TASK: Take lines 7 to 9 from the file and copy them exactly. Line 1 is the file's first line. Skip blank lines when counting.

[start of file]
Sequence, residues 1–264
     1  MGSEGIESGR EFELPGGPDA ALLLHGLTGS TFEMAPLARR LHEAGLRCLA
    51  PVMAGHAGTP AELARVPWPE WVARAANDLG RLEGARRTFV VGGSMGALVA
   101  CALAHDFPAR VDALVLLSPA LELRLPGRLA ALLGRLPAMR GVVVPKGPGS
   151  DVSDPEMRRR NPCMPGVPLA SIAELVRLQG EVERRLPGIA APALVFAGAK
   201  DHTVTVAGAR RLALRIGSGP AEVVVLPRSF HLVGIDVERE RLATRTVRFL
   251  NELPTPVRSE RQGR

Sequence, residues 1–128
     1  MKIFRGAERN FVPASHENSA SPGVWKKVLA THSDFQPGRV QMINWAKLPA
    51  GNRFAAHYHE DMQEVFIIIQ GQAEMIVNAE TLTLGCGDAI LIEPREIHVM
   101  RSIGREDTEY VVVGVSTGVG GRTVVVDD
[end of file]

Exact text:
   251  NELPTPVRSE RQGR

Sequence, residues 1–128
     1  MKIFRGAERN FVPASHENSA SPGVWKKVLA THSDFQPGRV QMINWAKLPA